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Marine Ecology Progress Series

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MEPS 153:259-271 (1997)  -  doi:10.3354/meps153259

Spatial and temporal validation of settlement-marks in the otoliths of tropical reef fishes

Wilson DT, McCormick MI

The link between the timing of settlement (transition from the pelagic to the benthic environment) and the formation of the 'settlement-mark' in fish otoliths was examined in order to validate the use of this microstructural feature for the back-calculation of settlement patterns and planktonic larval durations. The formation of the settlement-mark was validated to occur at settlement in 2 pomacentrids, Pomacentrus amboinensis, P. nagasakiensis, and less conclusively in 13 other species from 7 families. Within these species, 3 distinct settlement-mark durations were identified: a single-increment mark (P. amboinensis, P. nagasakiensis); a 2-increment mark (P. coelestis); and a zonal, 14-increment mark (Acanthurus sp. 2, probably A. blochi). The structure of settlement-marks for P. amboinensis and P. nagasakiensis were compared among 4 to 5 locations on the northern Great Barrier Reef, Australia (maximum of 20 km apart). Otolith increment profiles differed minimally over spatial scales of 20 km in these species, with Lizard Island fish possessing increment profiles different to those from other locations. This pattern of minimal variation in profiles occurred despite the fact that the planktonic larval duration of one species (P. nagasakiensis) differed among locations (range of mean values: 22.4 to 26.3 d). Further, at Lizard Island, increment profiles of P. amboinensis showed statistically significant, although minor, differences among local populations around the island and between successive lunar recruit cohorts. Our evidence suggests that the structure of the increment transitions associated with settlement are taxon specific, although the optical contrast of settlement-marks (determined by increment width) may show subtle spatial and temporal variation.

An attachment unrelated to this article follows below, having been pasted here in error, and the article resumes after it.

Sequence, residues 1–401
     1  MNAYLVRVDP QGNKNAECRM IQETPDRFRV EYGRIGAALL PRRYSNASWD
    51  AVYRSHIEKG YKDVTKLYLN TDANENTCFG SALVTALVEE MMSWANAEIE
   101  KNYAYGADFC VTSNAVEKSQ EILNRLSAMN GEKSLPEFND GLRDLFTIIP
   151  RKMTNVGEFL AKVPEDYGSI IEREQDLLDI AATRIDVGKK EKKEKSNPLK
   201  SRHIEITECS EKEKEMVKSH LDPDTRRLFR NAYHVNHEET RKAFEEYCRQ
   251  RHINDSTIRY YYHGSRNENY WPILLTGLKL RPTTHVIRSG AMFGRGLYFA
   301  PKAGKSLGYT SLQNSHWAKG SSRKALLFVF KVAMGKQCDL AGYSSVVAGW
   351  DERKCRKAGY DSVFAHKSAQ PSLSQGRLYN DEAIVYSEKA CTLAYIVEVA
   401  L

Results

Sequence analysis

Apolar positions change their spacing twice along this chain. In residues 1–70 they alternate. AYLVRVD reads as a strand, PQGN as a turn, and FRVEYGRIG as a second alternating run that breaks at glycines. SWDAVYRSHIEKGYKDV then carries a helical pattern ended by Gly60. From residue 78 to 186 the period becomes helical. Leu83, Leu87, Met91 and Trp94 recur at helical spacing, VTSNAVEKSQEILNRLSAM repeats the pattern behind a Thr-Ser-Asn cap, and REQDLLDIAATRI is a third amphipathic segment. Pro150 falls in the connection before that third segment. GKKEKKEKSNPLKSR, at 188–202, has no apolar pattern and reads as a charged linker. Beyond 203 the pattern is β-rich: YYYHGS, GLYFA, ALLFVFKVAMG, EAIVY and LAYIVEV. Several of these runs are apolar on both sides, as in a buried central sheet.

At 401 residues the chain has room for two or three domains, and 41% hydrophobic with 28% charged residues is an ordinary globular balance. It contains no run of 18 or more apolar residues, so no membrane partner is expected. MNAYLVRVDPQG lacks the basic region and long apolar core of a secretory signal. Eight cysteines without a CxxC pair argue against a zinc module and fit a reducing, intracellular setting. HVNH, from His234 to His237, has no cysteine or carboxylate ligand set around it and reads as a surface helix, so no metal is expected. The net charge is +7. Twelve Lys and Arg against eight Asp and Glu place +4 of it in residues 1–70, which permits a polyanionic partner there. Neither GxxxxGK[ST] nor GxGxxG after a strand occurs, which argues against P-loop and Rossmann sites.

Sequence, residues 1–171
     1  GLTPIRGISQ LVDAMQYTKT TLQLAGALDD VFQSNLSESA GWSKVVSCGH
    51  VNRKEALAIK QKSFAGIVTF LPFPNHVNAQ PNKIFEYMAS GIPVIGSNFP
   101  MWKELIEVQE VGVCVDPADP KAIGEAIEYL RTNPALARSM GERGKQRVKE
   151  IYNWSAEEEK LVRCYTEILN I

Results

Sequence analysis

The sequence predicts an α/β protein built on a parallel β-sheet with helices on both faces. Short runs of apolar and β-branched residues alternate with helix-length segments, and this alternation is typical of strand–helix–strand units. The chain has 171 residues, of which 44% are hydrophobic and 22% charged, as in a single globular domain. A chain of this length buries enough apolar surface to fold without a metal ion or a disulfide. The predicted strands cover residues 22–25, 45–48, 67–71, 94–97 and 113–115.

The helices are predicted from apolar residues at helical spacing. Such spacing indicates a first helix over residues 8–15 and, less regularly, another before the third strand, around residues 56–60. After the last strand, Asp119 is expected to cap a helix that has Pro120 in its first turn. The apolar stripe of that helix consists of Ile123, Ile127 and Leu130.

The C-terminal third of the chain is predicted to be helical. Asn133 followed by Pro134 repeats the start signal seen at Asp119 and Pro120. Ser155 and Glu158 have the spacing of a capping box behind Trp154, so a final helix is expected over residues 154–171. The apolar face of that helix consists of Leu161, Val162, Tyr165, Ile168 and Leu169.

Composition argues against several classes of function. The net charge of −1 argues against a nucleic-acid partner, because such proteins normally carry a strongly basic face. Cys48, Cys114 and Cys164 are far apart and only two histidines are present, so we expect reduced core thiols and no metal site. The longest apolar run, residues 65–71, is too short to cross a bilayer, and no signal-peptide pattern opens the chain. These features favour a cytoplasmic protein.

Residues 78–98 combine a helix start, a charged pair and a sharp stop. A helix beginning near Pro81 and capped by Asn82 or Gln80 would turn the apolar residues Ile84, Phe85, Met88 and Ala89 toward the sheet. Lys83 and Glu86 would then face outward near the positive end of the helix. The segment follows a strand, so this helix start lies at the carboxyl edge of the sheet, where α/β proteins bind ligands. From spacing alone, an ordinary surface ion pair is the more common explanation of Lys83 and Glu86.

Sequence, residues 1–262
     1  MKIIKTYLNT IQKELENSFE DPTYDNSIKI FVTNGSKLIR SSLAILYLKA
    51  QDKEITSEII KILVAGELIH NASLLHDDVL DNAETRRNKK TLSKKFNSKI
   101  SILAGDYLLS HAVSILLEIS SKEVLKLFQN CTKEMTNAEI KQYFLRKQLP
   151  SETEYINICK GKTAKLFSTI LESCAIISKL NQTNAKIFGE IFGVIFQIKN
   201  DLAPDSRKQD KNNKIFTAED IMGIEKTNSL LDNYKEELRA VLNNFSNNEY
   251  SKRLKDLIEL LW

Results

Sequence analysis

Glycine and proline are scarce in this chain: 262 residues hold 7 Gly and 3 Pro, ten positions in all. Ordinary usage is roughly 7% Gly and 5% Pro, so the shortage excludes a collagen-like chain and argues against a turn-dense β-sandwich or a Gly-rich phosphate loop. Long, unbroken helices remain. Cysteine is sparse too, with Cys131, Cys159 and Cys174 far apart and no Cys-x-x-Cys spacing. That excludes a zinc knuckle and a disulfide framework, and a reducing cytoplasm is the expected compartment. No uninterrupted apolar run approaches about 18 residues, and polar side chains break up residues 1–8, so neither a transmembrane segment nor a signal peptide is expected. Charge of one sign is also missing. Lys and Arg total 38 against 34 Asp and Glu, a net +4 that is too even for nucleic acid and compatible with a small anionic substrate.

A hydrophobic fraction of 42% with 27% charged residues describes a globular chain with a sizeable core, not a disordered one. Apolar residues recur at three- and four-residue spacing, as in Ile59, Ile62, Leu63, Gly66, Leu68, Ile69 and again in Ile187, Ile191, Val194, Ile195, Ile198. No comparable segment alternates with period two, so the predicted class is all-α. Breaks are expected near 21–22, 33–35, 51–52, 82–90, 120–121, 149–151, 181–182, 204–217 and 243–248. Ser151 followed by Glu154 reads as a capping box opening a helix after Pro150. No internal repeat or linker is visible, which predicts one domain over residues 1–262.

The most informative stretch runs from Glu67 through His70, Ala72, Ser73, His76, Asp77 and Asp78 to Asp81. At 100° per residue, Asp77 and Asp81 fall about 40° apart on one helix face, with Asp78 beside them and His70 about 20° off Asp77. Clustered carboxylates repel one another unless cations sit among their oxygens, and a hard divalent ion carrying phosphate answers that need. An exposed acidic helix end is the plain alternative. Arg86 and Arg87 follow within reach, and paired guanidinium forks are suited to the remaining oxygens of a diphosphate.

Settlement-mark validation · Tropical reef fish · Metamorphosis · Otolith · Recruit

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